The Prussian flank was to appearance bare in that leftward quarter; but only to appearance: Driesen with the left wing of Horse is in a Hollow hard by; strictly charged by Friedrich to protect said flank, and take nothing else in hand. Driesen lets Lucchesi gallop by, in this career of his; then emerges, ranked, and comes storming in upon Lucchesi's back,--entirely confounding his astonished Cavalry and their career. Astonished Cavalry, bullet-storm on this side of them, edge of sword on that, take wing in all directions (or all except to west and south) quite over the horizon; Lucchesi himself gets killed,--crosses a still wider horizon, poor man. He began the ruin, and he ends it. For now Driesen takes the bared Austrians in flank, in rear; and all goes tumbling here too, and in few minutes is a general deluge rearward towards Saara and Lissa side.
At Saara the Austrians, sun just sinking, made a third attempt to stand; but it was hopelessly faint this time; went all asunder at the first push; and flowed then, torrent-wise, towards all its Bridges over the Schweidnitz Water, towards Breslau by every method. There are four Bridges, Stabelwitz below Lissa; Goldschmieden, Hermannsdorf, above; and the main one at Lissa itself, a standing Bridge on the Highroad (also of wood); and by this the chief torrent flows; Prussian horse pursuing vigorously; Prussian Infantry drawn up at Saara, resting some minutes, after such a day's work. [Archenholtz, i. 209; Seyfarth,
Truly a memorable bit of work; no finer done for a hundred years, or for hundreds of years; and the results of it manifold, immediate and remote. About 10,000 Austrians are left on the field, 3,000 of them slain; prisoners already 12,000, in a short time 21,000; flags 51, cannon 116;--"Conquest of Silesia" gone to water; Prince Karl and Austria fallen from their high hopes in one day. The Prussians lost in killed 1,141, in wounded 5,118; 85 had been taken prisoners about Sagschutz and Gohlau, in the first struggle there. [Kutzen, pp. 118, 125.] There and at Leuthen Village had been the two tough passages; about an hour each; in three hours the Battle was done. "MEINE HERREN," said Friedrich that night at parole, "after such a spell of work, you deserve rest. This day will bring the renown of your name, and of the Nation's, to the latest posterity."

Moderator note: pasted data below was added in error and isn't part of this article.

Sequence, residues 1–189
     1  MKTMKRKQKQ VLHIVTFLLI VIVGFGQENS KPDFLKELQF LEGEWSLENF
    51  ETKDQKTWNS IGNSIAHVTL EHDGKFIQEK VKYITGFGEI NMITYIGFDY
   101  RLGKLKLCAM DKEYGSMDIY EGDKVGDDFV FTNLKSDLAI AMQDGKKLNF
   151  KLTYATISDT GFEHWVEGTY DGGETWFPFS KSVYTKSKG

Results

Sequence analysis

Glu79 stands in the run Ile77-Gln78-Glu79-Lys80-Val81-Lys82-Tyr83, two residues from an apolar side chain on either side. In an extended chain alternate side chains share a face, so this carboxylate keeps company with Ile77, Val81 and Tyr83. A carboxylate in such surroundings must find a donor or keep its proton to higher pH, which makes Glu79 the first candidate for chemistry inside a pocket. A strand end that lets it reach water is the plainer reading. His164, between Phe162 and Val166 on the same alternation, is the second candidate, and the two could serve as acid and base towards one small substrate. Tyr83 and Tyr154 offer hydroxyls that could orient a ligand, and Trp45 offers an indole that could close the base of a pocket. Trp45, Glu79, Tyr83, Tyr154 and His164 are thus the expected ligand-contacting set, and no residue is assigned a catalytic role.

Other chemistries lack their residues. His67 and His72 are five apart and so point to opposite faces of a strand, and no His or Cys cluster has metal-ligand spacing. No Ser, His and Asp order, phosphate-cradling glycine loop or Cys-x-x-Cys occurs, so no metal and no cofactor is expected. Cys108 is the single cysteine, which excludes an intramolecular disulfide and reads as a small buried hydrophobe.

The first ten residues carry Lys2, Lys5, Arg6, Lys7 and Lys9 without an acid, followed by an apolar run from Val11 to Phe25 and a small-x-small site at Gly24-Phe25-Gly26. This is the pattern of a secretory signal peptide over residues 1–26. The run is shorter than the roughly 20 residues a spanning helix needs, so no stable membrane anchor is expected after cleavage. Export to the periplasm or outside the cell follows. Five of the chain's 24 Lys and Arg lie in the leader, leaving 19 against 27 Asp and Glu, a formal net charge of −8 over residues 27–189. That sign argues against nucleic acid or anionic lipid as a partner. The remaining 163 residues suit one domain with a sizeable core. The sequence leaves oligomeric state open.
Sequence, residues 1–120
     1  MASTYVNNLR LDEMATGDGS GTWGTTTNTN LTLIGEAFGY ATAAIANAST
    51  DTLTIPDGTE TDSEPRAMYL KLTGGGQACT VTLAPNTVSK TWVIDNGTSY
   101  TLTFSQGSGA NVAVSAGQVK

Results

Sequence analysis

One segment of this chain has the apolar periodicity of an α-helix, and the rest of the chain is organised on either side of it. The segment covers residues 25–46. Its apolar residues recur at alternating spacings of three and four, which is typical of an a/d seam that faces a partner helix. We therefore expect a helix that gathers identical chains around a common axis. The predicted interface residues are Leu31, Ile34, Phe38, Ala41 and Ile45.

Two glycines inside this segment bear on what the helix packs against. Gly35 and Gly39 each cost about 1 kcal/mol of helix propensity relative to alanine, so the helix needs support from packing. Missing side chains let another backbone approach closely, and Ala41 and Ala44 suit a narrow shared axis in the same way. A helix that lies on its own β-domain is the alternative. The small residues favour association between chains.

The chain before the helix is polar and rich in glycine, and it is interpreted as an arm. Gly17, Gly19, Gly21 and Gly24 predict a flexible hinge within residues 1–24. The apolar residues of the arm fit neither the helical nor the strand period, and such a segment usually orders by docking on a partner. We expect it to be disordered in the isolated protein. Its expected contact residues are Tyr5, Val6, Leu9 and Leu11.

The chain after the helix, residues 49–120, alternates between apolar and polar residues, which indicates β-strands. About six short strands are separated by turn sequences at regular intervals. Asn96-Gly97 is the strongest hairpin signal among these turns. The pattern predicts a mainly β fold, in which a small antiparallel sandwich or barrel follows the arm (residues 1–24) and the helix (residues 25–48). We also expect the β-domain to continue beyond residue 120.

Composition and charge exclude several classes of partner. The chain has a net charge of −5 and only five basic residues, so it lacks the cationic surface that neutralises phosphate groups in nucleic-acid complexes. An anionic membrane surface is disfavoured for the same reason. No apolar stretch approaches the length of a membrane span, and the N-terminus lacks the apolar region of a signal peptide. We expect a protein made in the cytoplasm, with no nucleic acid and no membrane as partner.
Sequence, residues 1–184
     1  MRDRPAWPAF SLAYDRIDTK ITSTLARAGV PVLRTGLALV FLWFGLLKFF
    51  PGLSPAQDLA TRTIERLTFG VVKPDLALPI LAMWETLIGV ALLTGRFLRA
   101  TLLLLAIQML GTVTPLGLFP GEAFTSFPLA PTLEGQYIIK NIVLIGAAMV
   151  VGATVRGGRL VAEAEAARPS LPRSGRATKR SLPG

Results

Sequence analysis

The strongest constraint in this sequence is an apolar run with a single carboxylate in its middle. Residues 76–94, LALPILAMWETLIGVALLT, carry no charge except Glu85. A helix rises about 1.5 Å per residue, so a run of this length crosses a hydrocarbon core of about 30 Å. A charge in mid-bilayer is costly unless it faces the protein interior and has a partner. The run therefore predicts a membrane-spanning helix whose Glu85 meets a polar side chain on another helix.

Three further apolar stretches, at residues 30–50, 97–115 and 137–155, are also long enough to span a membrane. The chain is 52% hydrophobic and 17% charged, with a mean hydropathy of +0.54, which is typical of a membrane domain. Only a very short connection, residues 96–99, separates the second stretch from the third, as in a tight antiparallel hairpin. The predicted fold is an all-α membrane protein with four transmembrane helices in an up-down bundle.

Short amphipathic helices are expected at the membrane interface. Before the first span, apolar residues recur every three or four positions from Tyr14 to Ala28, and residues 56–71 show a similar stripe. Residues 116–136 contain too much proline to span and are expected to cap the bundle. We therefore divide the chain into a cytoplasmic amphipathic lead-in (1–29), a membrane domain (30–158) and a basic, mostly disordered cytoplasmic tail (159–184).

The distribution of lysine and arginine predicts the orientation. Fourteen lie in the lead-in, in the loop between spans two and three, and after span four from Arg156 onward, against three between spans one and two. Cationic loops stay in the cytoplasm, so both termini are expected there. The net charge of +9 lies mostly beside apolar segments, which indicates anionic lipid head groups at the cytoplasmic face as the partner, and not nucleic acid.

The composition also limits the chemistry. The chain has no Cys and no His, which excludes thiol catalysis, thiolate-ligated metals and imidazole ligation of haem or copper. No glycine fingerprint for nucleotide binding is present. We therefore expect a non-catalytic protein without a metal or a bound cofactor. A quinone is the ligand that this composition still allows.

High and low had shone this day; especially these four: Ziethen, Driesen, Retzow,--and above all Moritz of Dessau. Riding up the line, as night fell, Friedrich, in passing Moritz and the right wing, drew bridle for an instant: "I congratulate you on the Victory, Herr Feldmarschall!" cried he cheerily, and with emphasis on the last word. Moritz, still very busy, answered slightly; and Friedrich repeated louder, "Don't you hear that I congratulate you, Herr FELDMARSCHALL!"--a glad sound to Moritz, who ever since Kolin had stood rather in the shadow. "You have helped me, and performed every order, as none ever did before in any battle," added the grateful King.
Riding up the line, all now grown dusky, Friedrich asks, "Any battalion a mind to follow me to Lissa?" Three battalions volunteering, follow him; three are plenty. At Saara, on the Great Road, things are fallen utterly dark. "Landlord, bring a lantern, and escort." Landlord of the poor Tavern at Saara escorts obediently; lantern in his right hand, left hand holding by the King's stirrup-leather,--King (Excellency or General, as the Landlord thinks him) wishing to speak with the man. Will the reader consent to their Dialogue, which is dullish, but singular to have in an authentic form, with Nicolai as voucher? [